Common reasons for not being active

Nearly a quarter of the adult population are inactive. Why differs from person to person. But there are some common themes.

If your friends or family aren’t very active, it’s useful to understand why. This can enable you to provide the support loved ones need to begin moving more. Talking to them will help you learn about their personal reasons. But if that’s not possible or they’re not forthcoming, these commons themes can help you gain a broader understanding.

What research reveals

Fear of judgement

Particularly for women, fear of judgement can be a huge issue. Many women are worried about being sweaty, having a red face, not being good enough or not knowing the rules. Photos of “sporty looking people” in publicity materials often compound these fears.

Some also worry that they will be judged for taking time out for themselves rather than working or looking after family.

Take a look at the This Girl Can website for activities and resources designed to tackle fear of judgement.

Worries about not being good enough or keeping up

Starting is tough for anyone who hasn’t been active for a while. They might get out of breath quickly. They might feel sweaty and exhausted within minutes. And they might not be able to keep up with others who are active more often. That’s completely normal. But when you’re in that situation it can feel embarrassing and a lot of people worry that they will hold others up.

Apps like Active 10 and Couch to 5k are great for gradually building up movement without any fear of holding anyone up. Take a look at our Fitness Apps page for details.

Lack of time or energy

Lack of time and energy are two of the main reasons people give for not moving more. This is particularly true for those who juggle work and caring commitments. To them, taking time out to exercise may feel selfish.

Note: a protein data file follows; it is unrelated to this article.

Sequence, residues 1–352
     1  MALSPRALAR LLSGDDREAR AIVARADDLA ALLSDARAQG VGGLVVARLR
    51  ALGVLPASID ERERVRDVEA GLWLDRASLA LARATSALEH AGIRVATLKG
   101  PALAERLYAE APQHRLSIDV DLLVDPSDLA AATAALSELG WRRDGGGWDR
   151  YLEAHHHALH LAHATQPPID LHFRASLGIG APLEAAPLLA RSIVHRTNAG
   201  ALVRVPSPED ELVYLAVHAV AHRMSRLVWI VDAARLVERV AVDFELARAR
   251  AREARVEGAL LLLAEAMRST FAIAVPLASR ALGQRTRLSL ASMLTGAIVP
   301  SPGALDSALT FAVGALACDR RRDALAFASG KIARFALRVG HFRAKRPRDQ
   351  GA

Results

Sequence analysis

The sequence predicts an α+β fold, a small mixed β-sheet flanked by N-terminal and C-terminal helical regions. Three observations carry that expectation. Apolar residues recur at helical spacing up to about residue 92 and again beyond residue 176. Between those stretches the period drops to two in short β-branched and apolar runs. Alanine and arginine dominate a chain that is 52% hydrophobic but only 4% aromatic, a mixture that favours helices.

For others, stress and exhaustion zap their will to move. This creates feelings of guilt for those who recognise the importance of physical activity. And this can make physical activity seem like yet another pressure or thing to fail at.

Try adding movement into the time you spend with friends and family. Or encourage them to think about things that would make them feel better rather than telling them what to do.

Not enjoying physical activity or sport

“I hate sport” or “I’m not good at it” are phrases we hear a lot. These comments often stem from childhood experiences of PE and sport. But there are lots of different ways to be active. Walking, dancing in the kitchen and hula-hooping are all great ways to move.

Start from what your friends and family do enjoy and add movement in. This could be as simple as dancing to their favourite songs or litter picking to help them protect the planet.

Lack of motivation

This is one of the biggest barriers to being active. But it’s one where friends and family can make a huge difference. Research shows we’re far more likely to stick with an activity when we do it with friends. It’s much harder to skip a workout if we feel like we’ll be letting someone else down.

You could be just the motivation your friends and family need to move more.

Health concerns

Many people who live with long-term health conditions worry that being active will aggravate their condition or make symptoms worse. But, in many cases, physical activity can help improve symptoms and manage pain. The secret is to start small and build up gradually to enable the body to adjust.

Our Being active with a health condition page is full of condition-specific resources and support. But if your loved one is worried about being active then they should chat to their GP.

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